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Serving as an expert witness since COVID-19: Tips for virtual litigation

Jul 15, 2021

Specialists in certain fields may find themselves called upon to provide expert witness in legal suits, mediation or arbitration efforts.

Expert witnesses are asked to provide an unbiased, professional opinion — one supported by facts. As a witness, you may be asked to provide testimony through affidavit, deposition or courtroom testimony, explaining facts in a way that nonexperts can understand. 

Since the advent of COVID-19, the litigation experience has changed. Here’s how pandemic-era changes might apply to your expert witness experience, now and into the future:

Increase in alternative dispute resolution

Disputing parties are turning to arbitration or mediation for resolution, as it can be difficult to get their day in court. 

There’s been a delay in time to trial for several reasons. Many courts suspended all civil jury trials for months, creating significant backlogs. Additionally, the pandemic has caused discovery to drag. Some attorneys and their clients are still out of the office, making the collection and production of document discovery difficult. 

Faced with indefinite delays, businesses and litigators are looking for alternative ways to reach resolution. For example, some are using a compressed form of nonbinding arbitration using basic discovery to vet each side’s strengths and weaknesses before determining next steps.

Virtual mediation is more pervasive

In line with the uptick in mediation requests, litigants also turned to virtual mediation. Before COVID-19, it was customary for legal counsel and expert witnesses to meet in person at a mediator’s office or other neutral location. To address health and safety concerns during the pandemic, these meetings shifted to remote conferencing technology.

The result was greater convenience and cost savings, thanks to eliminating travel demands. Scheduling mediations was often easier, too. Now that remote meetings are more commonplace, mediators, attorneys and litigants alike are likely to continue the practice.

Virtual mediation is not without downsides, however. Participants lose the value of in-person interactions. Mediation sessions could drag out without a hard deadline (e.g., a flight to catch) for the parties to end negotiations. Worse, some practitioners could attempt to frustrate opposing counsel by claiming technical difficulties, muting clients during a pending question or hitting the “leave meeting” button.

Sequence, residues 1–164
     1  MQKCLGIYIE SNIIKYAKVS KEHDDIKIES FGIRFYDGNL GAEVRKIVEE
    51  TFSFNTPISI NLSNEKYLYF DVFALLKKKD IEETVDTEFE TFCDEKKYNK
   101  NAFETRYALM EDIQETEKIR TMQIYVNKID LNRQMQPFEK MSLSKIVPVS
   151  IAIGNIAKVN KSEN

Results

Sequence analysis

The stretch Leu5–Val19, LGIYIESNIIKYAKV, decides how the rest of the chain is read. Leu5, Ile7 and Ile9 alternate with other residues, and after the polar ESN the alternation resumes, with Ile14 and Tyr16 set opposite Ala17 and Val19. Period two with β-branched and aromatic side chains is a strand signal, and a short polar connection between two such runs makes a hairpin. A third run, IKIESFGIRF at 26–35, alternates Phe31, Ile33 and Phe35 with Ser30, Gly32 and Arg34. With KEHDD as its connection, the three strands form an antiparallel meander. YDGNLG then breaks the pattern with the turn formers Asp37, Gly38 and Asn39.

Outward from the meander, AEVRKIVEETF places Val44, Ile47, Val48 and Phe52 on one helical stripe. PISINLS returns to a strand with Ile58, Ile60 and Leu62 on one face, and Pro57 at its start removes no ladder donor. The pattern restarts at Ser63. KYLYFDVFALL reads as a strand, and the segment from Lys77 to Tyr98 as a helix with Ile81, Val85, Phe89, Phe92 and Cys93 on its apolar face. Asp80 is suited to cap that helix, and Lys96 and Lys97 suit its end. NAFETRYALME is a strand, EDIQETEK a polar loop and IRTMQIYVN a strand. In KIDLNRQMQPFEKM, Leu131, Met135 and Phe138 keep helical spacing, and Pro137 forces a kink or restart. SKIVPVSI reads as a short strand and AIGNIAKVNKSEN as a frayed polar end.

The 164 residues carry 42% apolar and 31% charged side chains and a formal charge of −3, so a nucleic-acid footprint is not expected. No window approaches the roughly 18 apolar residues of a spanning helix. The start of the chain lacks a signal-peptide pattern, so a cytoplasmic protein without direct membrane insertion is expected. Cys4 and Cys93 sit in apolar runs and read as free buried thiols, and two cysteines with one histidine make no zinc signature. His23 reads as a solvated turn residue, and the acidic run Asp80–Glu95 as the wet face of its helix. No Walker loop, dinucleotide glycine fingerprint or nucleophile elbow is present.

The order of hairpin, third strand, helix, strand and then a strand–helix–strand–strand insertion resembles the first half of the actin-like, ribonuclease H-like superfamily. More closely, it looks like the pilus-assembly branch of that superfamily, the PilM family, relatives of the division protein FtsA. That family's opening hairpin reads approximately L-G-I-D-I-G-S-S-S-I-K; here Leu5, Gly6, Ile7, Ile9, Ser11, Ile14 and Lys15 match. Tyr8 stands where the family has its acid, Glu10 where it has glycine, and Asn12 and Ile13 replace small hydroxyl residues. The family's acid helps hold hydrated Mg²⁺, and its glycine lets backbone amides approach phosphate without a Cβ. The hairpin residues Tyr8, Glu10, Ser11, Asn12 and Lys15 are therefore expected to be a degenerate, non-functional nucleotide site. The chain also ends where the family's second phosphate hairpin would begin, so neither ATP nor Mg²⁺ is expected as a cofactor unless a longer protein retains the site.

Remote depositions and oral arguments

Courts have recognized pandemic conditions as a legitimate reason to hold depositions remotely. Many are also allowing virtual testimony.  

Again, these virtual arrangements eliminate travel time and cost. Downsides include potential complications in sharing exhibits and a reduced ability to read credibility through in-person eye contact or body language. 

Tips to keep in mind when participating in a virtual deposition or oral arguments:

  • Practice: Test your connectivity during a practice session. Have support lined up or backup options (e.g., a hardline into your internet connection, hotspot your phone) in case you have issues during the hearing.
  • Present a professional setting: Find a location with minimal distractions. Set yourself up so that the background is simple (e.g., a blank wall or an organized office setting).
  • Dress the part: Proper courtroom attire should be worn.
  • Be considerate: Behave as if you are in the courtroom. Do not look at your phone, eat, talk with others, or be the cause of other distractions. Don’t interrupt when others are speaking — talk over is especially difficult to hear in virtual settings.
  • Eliminate disruptions: Put your phone on silent. If you have family members at home, warn them that you are not to be interrupted. Post a clear “do not disturb” sign on your door and lock it, if possible. Move pets to another room where they are unable to cause disruptions.
  • Be calm and patient: Remote conferencing technology is not perfect, and there will be hiccups. Expect delays due to connectivity issues and respect that there will still be learning curves.  

In courts where remote arguments have worked well, they will likely continue to offer this option if parties agree. Virtual testimony will be here for a while, and both attorneys and experts need to prepare differently for trial.

Ultimately, use of adaptations will come down to cost-benefit decisions. Many of the changes may be here to stay.

Litigation support from Wipfli

Wipfli assists in various areas such as business valuations for divorce cases and shareholder disputes, investigations of theft or fraud, breach of contract, lost profit issues and more. We provide an independent and objective opinion, working seamlessly alongside attorneys, consultants, specialists and other parties. 

We offer a comprehensive range of services, from prelitigation strategy up to, and including, expert witness testimony at trial. For more information, see Wipfli litigation support services or contact a Wipfli representative.

Author(s)

Audra M. Moncur, CPA, ABV
Partner, Business Valuation and Transaction Support Services
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